Much of your photography work and paintings resonate in a similar way - there is a microcosmic view there - are you drawn to abstraction and wee details? What inspires you?
My father taught me to appreciate details in nature, a Kildeer bird's nest on the ground, how the pattern of the eggs mimicked the earth and stones they lay on or the beautiful jewel of a Monarch butterfly chrysalis and watching it's transformation into a wondrous butterfly, or being awakened in the middle of the night when my father arrived home from work to take me outside to see the Aurora Borealis moving in the sky looking like ethereal curtains swaying to their own universal music. I guess you could say my brain was wired as a young child to appreciate the nuances of pattern and light. Of course photography is all about the light, but that's what intrigues me the most, every single day of our lives the light is never the same. Playing with that light, sometimes distorting it, smoothing it out, seeing the shapes it creates excites my brain, gives me those feel good endorphins and people do feel a response to the abstractions. I love when people tell me that they are much more aware of their surroundings because of my photos. I decided to try another artistic medium a couple of years ago so I've tried different forms of painting. Acrylic pour is just what it sounds like, the only control you have of the paint are the colours you use, the amount of paint and manipulation of the canvas to move the paint around. It was very freeing, not knowing how the abstract painting would look until it was dry.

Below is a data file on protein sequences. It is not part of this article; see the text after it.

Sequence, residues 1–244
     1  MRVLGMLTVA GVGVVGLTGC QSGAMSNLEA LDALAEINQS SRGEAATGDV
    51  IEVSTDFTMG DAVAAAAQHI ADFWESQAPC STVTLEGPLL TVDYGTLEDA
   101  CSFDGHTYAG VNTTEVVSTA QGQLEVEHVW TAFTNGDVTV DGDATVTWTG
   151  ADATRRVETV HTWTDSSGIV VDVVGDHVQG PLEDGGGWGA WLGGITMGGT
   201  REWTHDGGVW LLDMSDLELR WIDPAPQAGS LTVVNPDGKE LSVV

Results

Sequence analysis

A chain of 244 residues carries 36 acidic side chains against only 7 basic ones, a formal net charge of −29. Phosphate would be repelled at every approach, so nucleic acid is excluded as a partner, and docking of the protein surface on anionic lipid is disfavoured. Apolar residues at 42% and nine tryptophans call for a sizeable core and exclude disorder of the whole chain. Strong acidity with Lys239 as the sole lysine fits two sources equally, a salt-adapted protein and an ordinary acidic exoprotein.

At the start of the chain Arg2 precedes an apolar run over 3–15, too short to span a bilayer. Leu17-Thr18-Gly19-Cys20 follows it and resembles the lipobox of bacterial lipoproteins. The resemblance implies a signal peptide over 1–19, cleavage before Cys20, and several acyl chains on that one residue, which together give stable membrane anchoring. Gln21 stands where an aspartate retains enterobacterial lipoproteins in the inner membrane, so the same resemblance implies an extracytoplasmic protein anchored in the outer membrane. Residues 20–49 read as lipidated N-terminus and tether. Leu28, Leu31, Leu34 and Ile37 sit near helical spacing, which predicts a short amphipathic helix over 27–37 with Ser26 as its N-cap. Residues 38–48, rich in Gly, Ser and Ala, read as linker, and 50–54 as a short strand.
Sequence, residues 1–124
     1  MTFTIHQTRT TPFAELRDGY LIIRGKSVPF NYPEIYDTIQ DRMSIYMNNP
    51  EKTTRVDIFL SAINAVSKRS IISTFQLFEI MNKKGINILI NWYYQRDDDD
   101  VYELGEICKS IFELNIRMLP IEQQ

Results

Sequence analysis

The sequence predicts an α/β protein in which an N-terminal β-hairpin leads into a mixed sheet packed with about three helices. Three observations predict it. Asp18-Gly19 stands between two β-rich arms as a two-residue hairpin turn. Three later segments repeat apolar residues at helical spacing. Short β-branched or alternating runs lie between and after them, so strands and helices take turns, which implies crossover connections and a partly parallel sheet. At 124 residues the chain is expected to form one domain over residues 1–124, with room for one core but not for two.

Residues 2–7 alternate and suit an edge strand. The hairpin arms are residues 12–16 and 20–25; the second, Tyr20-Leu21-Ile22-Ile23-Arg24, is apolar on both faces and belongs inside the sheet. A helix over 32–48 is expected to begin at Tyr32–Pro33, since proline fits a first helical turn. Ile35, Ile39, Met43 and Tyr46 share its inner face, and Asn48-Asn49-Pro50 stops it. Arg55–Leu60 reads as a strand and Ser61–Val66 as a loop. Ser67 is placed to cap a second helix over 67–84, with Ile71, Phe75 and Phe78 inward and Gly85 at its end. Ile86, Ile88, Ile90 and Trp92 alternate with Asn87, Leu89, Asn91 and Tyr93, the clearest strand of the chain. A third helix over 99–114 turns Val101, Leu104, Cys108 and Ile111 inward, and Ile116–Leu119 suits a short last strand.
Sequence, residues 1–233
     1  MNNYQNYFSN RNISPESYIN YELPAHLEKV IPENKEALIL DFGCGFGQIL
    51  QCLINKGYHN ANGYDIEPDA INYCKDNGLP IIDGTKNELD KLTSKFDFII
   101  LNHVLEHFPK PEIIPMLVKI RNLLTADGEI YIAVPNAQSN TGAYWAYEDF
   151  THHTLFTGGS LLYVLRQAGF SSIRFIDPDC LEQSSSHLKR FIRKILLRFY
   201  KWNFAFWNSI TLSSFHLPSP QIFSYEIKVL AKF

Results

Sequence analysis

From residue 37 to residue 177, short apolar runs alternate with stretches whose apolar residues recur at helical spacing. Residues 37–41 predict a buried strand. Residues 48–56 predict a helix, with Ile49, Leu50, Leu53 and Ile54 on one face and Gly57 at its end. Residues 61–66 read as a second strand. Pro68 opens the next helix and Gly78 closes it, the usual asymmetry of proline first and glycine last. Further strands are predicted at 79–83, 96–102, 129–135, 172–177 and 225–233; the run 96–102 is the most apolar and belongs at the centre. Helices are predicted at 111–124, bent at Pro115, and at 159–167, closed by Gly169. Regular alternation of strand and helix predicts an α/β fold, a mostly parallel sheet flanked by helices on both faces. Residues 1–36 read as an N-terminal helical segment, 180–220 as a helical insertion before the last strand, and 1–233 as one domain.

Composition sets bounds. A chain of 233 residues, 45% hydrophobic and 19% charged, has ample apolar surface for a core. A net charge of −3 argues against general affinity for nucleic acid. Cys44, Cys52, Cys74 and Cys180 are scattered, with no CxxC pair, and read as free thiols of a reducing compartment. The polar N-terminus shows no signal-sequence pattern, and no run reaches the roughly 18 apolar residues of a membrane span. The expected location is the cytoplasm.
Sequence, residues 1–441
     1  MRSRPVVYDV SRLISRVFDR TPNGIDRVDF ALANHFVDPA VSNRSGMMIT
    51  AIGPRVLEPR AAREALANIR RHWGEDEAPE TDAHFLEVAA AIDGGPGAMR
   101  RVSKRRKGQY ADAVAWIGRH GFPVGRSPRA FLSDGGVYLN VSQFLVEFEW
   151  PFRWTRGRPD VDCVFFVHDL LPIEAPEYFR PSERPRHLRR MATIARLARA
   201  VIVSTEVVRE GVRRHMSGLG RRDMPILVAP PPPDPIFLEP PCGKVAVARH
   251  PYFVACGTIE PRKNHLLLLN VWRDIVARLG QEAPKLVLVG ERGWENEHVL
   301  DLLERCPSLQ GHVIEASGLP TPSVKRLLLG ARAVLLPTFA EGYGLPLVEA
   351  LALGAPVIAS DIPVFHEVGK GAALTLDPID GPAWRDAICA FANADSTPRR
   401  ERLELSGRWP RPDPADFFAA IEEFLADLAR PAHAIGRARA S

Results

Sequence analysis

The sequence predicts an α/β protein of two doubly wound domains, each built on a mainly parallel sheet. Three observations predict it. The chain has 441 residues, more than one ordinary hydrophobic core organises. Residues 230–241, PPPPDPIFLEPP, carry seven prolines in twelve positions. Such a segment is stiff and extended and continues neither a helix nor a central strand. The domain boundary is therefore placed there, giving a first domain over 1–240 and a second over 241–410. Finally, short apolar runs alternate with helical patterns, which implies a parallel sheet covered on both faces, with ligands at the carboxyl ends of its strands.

When did you begin your photography journey?
My earliest memory of taking photographs was on a school trip at the age of nine, using an old box camera. Photography started to become a passion when I started working at a local photography studio in 1983 as front counter staff. I was taught picture framing as well as darkroom tasks, making black and white prints from photographic film. I bought my first SLR film camera at that time and from then on a camera was always within reach.
Where can we find your work?
I am currently a member of Tango Artspace at 5 Peter St. S. in the Orillia Arts District.. You can also see my work on Facebook or Instagram as Linda Plourde Creative.
What are you currently creating? What's on your studio table?
Well, my studio is my kitchen table where I'm now playing with resin, using it in painting and making jewellery as well as various objects and my drying/assembly studio is a table in the livingroom! I don't mind that my house has been taken over by art but I am starting to run out of room!
FIND Linda and her creative pursuits online here:
ALL artwork photos by Linda Plourde
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